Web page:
Last Sunday afternoon, a line of models filed through the enclosed courtyard at the Hudson Hotel, shedding their heavy coats and hopping into the tall black heels they brought in their bags. One by one, they got their moment with Andrew Weir, head of casting and consulting agency ACW Worldwide and a fashion industry veteran. Every season, he holds massive a casting call in New York with over 400 models from the top twenty agencies to cast in shows like Jill Stuart, Thakoon, and Viktor & Rolf. About 15 percent of the girls he sees are brand new to the industry. “We do it just so we don’t miss anyone,” he explains. “You never know when you’re going to find that girl.”
Being that girl is the dream of every model who walks in the door, and I witnessed one such discovery when a brown-haired, dewy-faced Norwegian girl named Sofie Sjaastad got to the front of the line. “Is this your first time in New York?” Weir asked, peering at her. She said yes. “You’re so cute!” he exclaimed in his warm Texas accent. “Are you excited? You should be. You’re going to do some very good shows this season. I have a good feeling. How old are you?” She smiled shyly and told him she was 16. “Stay sweet,” he instructed, putting a hand on her shoulder. “Take a walk for me, with big long steps and confidence. Be powerful.” She straightened her shoulders and strode across the room.
“That right there, that’s a star,” Weir told me as he watched her steps. “That’s one of those girls that you see. You’ve witnessed it.” He handed me her card. “Follow her,” he said.
Of the hundreds he lays eyes on during the biannual event, Weir says he always finds three or four who go on to be incredibly successful. “Those three or four girls will do okay in New York, because New York never takes a big chance on a new girl, and then they’ll go to London and Milan, and by the time they get to Paris they’re doing every single show,” he says. “It happened with Melodie [Monroe] a few seasons ago. We saw her in New York, and we knew she was great, and by the time she got to Milan she did Gucci, and now she’s everywhere.”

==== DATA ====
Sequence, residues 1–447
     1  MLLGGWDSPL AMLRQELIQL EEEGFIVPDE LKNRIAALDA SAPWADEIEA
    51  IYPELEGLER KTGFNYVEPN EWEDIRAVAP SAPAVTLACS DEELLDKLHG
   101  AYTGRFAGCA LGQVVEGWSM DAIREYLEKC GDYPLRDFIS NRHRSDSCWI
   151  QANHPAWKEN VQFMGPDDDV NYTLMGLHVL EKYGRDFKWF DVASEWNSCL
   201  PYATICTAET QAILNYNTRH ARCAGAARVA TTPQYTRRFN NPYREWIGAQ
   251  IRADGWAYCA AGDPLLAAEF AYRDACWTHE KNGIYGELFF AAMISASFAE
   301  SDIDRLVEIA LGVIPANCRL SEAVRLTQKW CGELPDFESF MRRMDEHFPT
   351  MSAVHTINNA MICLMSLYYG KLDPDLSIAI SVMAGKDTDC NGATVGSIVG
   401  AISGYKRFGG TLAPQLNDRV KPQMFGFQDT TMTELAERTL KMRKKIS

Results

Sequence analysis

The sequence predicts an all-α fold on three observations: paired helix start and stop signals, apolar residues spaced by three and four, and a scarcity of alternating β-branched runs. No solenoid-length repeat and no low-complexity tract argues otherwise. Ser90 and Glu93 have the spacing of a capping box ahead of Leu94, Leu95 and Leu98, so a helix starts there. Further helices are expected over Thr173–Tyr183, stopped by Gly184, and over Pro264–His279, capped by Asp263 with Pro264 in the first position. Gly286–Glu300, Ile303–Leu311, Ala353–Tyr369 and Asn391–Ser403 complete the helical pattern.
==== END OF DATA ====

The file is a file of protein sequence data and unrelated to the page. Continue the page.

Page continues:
Weir’s past clients include Giorgio Armani and Hugo Boss. He also consults for several brands and serves as a member of the CFDA Health Initiative, which recently organized an industrywide effort to enforce age requirements (16 and up) and other guidelines to encourage healthy behavior. But when I ask Weir if the initiative has changed the industry at all, he shakes his head. “Last year, I cast an underage girl by accident,” he said. “We don’t card models. They want us to, but I’m just like, really?”
As for a model’s health, he can tell instantly if a girl is taking care of herself. “One girl came in today who is obviously sick. And I put her card aside, and I’m going to review it when I go home tonight, and depending on my relationship with her agent, I’ll decide to either call her or Nian,” he said, referring to Nian Fish, a respected creative director who was handpicked by Anna Wintour to lead the initiative. “Sometimes it’s better to tell Nian and she handles it. But I can tell just by looking if a girl is sick.”
Weir runs a tight ship, and the line moves quickly. When each girl gets to the front, a member of Weir’s staff hands him her "card," a piece of paper that shows her photo, name, agency, height, measurements, shoe size, and hair and eye color — and then Weir calls her name. He smiles, asks where she’s from, exchanges a few pleasantries (“Where in Russia were you born?”), instructs her to walk halfway across the room and back (“Walk for me, baby”), and thanks her sincerely when she’s done (“I’ll see you soon!”). Wearing jeans, a Patagonia jacket, red sneakers, and sunglasses, he exudes a comforting, methodical calm.
“I keep telling them to walk to the cute boy in the hat,” he says, pointing to a male model sitting about six yards away, “but they’re all so nervous that they don’t even see him and walk all the way to the wall.”
After each girl walks, Weir makes notes on a slip of paper about their look, walk, and whether they’d work for any of his clients. “First the question is, ‘Are they even a model?’ And then we think about which shows she might be right for, or which other projects we have coming up.” He surveyed the roomful of eager faces. “At the end of the day, the pile gets very small.”
He then staples his notes the back of their card, along with a Polaroid taken by his staff. “These are expensive to do,” he said of the Polaroids, “but they’re worth it. Because at the end of the day, this is what she looks like.” For comparison, he held up a model’s card, which is printed with a glamorous photo taken by her agency. “She does not look like that.”
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